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Spreading God’s Word

By Staff | Mar 13, 2008

Chan Thorn, Rothiya, Minea and Danny Sexe lead a church worship in a classroom in Battambang, Cambodia. Photos submitted

A young man from Estherville has heeded the call more than once in the past year and his response is a resounding YES! to spreading the Word of God and Jesus Christ in Southeast Asia.

Dan Sexe, son of Brian Sexe of Estherville, and Diana Pollard of Alta, recently returned from a two-month missionary internship to Cambodia. He explained his pastor opened this door to his newly traveled path.

“Pastor Allen Porter of River Fellowship in Estherville went to Cambodia four years ago with missionaries and had wonderful pictures and stories.”

Sexe said that was the needed spark. “I harbored this desire to go for three years.”

It was January 2007 that Pastor Porter headed up a contingent from Estherville that was Cambodia-bound. Taking part in the two-week trip were Sexe, Laura Hayenga, Kristin Porter, Evan Porter and Lisa Porter.

Sexe teaches nearly 60 students in a Bible English class.

“My parents realized this was something I wanted to do for three years. I believe I was meant to do this. They were nervous of course!”

The trip proved to be an initiation for Sexe in order to look closer into the work of Christian missions.

“I found out I have a big desire to do mission work and deepen my relationship with God. I’m finally doing what I was called to do. During my life, I tried this, I tried that. Now I’m entirely fulfilled, bringing the Word of God to a nation which never heard of God or Jesus Christ.”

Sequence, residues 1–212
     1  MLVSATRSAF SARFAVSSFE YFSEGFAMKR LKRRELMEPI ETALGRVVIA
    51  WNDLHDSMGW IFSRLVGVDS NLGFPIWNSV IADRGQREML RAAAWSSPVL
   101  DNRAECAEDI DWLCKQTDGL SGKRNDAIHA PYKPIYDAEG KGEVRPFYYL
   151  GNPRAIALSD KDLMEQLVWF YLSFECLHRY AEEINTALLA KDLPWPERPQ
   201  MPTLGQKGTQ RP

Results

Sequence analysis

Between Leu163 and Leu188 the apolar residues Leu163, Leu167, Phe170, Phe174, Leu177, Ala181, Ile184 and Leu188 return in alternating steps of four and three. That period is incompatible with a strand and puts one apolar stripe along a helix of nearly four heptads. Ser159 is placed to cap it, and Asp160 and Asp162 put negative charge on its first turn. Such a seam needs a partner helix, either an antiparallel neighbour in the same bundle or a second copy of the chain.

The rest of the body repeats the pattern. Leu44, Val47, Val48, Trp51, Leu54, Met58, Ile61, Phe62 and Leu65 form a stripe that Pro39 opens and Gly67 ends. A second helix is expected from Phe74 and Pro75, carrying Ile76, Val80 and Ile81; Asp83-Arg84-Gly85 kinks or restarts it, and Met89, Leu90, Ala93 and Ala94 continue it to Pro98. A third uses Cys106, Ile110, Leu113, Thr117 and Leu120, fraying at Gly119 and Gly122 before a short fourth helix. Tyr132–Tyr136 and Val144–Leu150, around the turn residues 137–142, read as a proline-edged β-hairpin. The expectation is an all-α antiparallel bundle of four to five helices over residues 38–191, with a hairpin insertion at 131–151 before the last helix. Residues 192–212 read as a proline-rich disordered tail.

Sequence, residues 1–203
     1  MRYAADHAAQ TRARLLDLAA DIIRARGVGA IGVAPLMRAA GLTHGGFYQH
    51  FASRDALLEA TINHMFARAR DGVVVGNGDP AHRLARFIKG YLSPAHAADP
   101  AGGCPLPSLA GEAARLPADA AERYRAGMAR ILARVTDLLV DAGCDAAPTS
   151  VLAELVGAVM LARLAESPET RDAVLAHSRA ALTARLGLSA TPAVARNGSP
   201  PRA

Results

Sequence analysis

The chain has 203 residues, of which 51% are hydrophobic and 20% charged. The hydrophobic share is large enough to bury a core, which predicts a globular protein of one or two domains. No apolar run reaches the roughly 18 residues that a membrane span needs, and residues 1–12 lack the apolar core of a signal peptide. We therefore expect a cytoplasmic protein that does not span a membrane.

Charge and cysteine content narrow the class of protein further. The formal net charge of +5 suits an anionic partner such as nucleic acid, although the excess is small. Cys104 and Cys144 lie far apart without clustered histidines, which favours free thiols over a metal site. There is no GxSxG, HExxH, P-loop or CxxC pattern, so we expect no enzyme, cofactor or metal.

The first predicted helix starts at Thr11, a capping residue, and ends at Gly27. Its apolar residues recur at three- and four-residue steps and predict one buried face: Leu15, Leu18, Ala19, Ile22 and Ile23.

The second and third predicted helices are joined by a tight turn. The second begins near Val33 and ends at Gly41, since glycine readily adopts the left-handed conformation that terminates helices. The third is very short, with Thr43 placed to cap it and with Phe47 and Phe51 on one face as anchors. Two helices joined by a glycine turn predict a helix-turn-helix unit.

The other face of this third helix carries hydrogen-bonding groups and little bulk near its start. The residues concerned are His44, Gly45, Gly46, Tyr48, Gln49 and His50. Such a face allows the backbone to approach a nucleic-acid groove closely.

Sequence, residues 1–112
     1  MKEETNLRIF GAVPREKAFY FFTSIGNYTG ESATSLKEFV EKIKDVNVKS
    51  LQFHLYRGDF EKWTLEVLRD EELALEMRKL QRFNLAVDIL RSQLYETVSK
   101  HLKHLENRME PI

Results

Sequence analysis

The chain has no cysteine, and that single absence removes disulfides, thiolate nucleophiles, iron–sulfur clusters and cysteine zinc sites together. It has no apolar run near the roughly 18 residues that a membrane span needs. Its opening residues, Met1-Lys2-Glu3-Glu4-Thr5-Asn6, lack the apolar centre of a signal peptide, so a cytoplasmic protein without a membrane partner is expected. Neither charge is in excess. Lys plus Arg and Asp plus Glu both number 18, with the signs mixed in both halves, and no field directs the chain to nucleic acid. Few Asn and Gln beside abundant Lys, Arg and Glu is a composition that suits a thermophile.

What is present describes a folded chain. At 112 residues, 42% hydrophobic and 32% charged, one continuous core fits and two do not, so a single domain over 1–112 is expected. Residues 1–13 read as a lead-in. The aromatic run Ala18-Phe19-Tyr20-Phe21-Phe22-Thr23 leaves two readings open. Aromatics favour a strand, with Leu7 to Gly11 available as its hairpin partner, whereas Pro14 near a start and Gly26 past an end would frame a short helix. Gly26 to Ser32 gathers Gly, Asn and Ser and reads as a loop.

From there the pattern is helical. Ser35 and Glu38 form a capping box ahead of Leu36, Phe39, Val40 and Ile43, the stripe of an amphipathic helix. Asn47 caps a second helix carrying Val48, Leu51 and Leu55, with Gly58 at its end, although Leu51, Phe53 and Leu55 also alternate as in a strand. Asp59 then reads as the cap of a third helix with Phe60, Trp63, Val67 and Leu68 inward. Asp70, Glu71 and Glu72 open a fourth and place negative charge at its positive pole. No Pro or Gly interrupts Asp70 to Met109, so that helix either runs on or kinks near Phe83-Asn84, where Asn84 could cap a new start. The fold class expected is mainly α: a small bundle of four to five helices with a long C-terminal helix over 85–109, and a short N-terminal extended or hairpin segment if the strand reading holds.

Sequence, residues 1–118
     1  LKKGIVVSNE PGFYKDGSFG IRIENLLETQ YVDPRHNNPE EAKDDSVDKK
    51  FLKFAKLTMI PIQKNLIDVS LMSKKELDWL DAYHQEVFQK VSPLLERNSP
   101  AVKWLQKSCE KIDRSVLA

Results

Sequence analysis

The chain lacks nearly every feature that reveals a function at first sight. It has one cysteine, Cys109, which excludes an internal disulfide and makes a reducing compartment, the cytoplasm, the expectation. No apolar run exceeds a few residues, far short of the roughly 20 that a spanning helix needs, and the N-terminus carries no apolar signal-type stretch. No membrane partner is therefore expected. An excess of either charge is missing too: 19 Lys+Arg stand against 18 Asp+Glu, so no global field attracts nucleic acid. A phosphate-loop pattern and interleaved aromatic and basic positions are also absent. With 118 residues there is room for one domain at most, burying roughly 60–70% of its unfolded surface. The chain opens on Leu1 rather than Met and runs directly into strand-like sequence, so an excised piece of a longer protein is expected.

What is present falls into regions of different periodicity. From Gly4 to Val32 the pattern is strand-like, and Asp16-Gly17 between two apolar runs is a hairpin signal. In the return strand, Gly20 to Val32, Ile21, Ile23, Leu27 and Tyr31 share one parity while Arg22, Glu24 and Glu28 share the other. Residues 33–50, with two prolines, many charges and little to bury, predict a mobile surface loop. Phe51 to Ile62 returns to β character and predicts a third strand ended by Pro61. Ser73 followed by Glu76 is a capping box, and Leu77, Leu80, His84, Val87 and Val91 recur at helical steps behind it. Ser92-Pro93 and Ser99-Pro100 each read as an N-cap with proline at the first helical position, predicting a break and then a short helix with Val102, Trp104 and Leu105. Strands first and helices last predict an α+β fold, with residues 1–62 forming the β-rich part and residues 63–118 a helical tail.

He left Estherville on Dec. 28, 2007, to spend two months in Battambang, Cambodia. He flew to Bangkok, Thailand and spent four hours in a taxi to go to the Thailand-Cambodian border. Another taxi was waiting there and Sexe embarked on another four-hour ride to reach the designated village.

On this trip, two missionaries based out of California, On the Front Line Missionaries, met him in San Francisco and accompanied him.

Sexe poses with one of the children in an orphanage.

“I knew I wanted something more so I was offered this two-month mission trip.”

The country’s inhabitants are 95 percent Buddhists.

“Having grown up in the United States where there is basically a church on every corner, we all grew up knowing about God and Jesus Christ. But in Cambodia, they have no idea who Jesus Christ is. So I feel honored to be called of all people to offer the Word of God and Jesus Christ to this nation.”

He noted the government does not prohibit the work of missionaries.

“Christianity is a living faith to a living God while Buddhism worships Buddha who died.”

Sexe was immersed in village evangelism which touches thousands of children weekly. This church ministry includes Sunday school, singing, learning Bible lessons and playing games. What happens most of the time is the children relate these stories at home which intrigue parents and other family members who then want to learn more too.